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Obstacles As Challenges: Retention Of Female Engineering Students In Mexico

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2009 Annual Conference & Exposition


Austin, Texas

Publication Date

June 14, 2009

Start Date

June 14, 2009

End Date

June 17, 2009



Conference Session

Attitudes, Self-Confidence, and Self-Efficacy of Women Engineering Students

Tagged Division

Women in Engineering

Page Count


Page Numbers

14.919.1 - 14.919.11



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Paper Authors


Carmen Villa Texas A&M University

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Carmen Villa is a researcher at the College of Education , and an assistant lecturer in the Hispanic Studies Department at Texas A&M University. She received a B.Sc. degree in computer science engineering from Tec de Monterrey in Mexico City; a D.E.A. in computer science form the INPG in Grenoble, France; and a Pd.D. in educational administration and human resource development from Texas A&M University. Her research interests include underrepresented populations in higher education, cultural practices and their impact on education for Hispanic students.

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Carolyn Clark Texas A&M University

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Dr. M Carolyn Clark is an associate professor and Program Chair of Adult Education in the Department of Educational Administration and Human Resource Development. Her primary emphasis area is adult education with a research interest in feminism and narrative analysis. She is co-editor of the International Journal of Qualitative Studies in Education, 2004 to the present. Recent publications include Narrative learning and the practice of adult education Rossiter, M., and Clark, M. C. (in press). Narrative learning and the practice of , adult education. Malabar, FL: Krieger. And journal articles in Qualitative Inquiry,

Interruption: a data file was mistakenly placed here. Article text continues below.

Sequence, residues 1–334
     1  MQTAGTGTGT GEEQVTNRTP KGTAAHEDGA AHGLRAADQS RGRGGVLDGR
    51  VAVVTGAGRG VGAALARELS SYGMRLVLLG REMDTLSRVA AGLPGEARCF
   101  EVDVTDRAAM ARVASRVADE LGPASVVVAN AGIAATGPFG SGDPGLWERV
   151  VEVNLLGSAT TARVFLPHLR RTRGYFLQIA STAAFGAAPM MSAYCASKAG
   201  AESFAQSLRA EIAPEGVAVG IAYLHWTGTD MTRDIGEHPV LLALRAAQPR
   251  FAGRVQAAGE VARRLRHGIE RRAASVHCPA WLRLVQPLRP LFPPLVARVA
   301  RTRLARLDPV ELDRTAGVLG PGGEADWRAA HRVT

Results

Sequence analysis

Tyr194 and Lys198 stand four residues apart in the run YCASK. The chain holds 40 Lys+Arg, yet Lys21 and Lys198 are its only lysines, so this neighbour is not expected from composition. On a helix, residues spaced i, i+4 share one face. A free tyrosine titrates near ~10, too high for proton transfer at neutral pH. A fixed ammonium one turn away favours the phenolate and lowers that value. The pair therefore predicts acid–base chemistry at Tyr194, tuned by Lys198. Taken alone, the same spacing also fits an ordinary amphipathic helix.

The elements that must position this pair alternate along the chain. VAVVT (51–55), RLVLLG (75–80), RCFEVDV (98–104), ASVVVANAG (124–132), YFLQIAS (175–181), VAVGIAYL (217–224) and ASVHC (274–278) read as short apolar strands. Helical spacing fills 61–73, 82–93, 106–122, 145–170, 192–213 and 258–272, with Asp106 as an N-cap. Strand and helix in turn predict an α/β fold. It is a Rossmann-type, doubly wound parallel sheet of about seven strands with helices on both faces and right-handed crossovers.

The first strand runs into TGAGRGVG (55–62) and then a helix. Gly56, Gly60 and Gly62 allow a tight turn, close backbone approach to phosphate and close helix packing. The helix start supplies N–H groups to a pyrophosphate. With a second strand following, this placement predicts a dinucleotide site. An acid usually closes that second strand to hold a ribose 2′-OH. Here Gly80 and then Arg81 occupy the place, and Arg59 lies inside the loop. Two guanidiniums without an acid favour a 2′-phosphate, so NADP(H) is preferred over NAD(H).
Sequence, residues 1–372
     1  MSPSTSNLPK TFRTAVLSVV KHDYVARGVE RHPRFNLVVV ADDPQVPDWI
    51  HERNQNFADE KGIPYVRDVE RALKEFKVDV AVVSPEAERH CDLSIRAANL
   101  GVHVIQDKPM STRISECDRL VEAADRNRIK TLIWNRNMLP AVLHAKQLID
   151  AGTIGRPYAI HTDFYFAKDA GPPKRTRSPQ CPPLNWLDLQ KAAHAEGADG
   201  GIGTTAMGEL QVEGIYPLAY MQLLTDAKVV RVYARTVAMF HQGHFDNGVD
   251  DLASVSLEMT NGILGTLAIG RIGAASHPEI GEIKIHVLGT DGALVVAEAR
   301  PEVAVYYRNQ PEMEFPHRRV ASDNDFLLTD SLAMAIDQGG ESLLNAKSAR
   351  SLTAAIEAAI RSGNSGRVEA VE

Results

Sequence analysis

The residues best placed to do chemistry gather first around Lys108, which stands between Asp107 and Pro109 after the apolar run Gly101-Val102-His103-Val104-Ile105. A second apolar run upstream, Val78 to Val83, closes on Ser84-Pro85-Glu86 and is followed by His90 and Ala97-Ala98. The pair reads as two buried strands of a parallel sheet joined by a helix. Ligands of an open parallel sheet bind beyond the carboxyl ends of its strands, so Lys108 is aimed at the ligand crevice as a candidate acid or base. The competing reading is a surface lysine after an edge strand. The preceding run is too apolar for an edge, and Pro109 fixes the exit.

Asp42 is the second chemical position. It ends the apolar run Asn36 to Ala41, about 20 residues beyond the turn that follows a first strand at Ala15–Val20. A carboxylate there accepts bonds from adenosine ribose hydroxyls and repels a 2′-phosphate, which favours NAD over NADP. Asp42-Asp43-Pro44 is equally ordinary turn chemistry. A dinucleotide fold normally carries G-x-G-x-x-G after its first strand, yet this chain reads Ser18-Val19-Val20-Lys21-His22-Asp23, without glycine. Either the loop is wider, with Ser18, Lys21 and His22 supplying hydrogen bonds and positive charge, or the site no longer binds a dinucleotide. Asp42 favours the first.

Journal of Visual Impairments and Blindness, and Journal of Engineering Education.

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Jennifer Sandlin Arizona State University

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NOTE: The first page of text has been automatically extracted and included below in lieu of an abstract

Obstacles as Challenges: Retention of Female Engineering Students in Mexico


As part of a larger study examining the experiences of female engineering students in Mexico, the purpose of this qualitative study was to explore the experiences of women college students in engineering programs in Mexico and to understand how the students reframe their experiences and remain in their programs. This study is set in a particular social context where, although the proportion of women in college has achieved parity with men, in some college programs such as engineering the proportion of males is still far greater than females. Only 24% of engineering students are female, while women constitute 50% of the total enrollment in higher education institutions in Mexico1.